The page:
A 1945 Navy film on the Seabees.
At the outset of World War II, the Navy faced a task of unbelievable difficulty. Around the globe, and especially in the Pacific, the Navy would be fighting in regions practically untouched by the modern world. Everything to support military operations would have to be built from scratch: bases, ports, airstrips, and an endless parade of other facilities. The task was daunting, perhaps impossible. However, the Navy had a secret weapon: the American worker.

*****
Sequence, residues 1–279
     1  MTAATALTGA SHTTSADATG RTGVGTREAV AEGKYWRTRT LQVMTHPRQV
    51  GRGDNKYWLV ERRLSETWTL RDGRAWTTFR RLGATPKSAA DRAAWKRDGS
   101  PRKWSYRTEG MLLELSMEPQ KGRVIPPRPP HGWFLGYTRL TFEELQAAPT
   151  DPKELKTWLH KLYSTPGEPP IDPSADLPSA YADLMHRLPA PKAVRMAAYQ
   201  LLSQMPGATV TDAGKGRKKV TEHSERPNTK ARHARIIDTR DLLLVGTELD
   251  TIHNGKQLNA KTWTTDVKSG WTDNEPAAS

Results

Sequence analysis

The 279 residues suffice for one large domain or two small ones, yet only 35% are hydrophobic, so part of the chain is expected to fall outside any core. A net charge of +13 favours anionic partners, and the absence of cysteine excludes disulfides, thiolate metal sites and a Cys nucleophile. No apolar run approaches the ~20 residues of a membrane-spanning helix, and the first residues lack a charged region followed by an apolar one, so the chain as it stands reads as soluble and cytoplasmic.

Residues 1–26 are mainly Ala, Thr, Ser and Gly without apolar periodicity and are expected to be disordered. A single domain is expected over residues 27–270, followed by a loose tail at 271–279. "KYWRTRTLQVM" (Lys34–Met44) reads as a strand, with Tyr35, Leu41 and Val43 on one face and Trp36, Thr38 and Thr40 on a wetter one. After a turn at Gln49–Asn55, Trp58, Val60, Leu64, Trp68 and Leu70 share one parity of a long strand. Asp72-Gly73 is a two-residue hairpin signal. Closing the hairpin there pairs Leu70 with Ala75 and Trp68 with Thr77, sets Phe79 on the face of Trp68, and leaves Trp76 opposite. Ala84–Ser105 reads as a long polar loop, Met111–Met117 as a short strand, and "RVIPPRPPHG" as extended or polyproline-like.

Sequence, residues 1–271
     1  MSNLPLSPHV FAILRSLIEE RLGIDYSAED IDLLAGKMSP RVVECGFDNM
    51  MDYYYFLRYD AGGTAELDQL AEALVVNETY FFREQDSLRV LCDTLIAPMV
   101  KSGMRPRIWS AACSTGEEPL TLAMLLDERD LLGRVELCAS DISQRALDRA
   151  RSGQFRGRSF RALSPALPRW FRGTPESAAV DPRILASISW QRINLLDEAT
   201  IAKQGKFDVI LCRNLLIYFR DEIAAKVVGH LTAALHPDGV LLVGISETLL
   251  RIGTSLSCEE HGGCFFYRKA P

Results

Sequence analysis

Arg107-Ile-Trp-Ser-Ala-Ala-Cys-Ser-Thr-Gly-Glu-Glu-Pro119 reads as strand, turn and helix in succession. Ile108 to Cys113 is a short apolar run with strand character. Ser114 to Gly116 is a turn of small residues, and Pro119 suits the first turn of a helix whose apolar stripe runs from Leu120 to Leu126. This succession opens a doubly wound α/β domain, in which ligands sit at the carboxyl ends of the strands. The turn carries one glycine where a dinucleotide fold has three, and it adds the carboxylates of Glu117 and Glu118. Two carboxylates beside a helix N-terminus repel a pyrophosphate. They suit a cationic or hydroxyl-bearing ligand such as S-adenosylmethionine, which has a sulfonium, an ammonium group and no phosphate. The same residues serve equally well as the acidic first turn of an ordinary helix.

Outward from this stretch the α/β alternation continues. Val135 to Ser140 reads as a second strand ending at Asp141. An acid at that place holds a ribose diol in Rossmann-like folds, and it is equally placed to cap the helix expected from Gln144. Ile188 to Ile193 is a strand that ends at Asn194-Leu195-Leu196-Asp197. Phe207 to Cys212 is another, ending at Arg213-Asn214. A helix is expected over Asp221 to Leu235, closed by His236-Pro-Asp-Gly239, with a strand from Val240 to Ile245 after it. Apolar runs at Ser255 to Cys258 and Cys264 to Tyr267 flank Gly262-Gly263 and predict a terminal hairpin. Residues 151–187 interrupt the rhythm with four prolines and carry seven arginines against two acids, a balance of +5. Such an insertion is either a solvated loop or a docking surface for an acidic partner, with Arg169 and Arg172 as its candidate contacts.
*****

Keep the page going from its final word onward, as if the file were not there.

Forming Navy Construction Battalions, (C-Bs), the Navy turned to the civilian construction trades and asked for volunteers. The response was overwhelming with civilian workers flocking to the task, and placed under the leadership of Navy officers. These were older men, the average age of the volunteers being 37, and masters in their trades. They formed the bedrock of the eventual 325,000 men who would serve in the Seabees during the War. By V-J Day they had completed construction projects on six continents and 300 islands, many of the islands bearing strange and unfamiliar names like Guadalcanal, Tinian, Saipan, Tarawa and Iwo Jima. They went about their work often under fire, sometimes participating directly in combat, and usually in conditions that were miserable beyond belief. Tropical jungles, deserts, alpine mountains, arctic wastelands, nothing stopped them from doing their jobs, and usually completing their tasks ahead of schedule.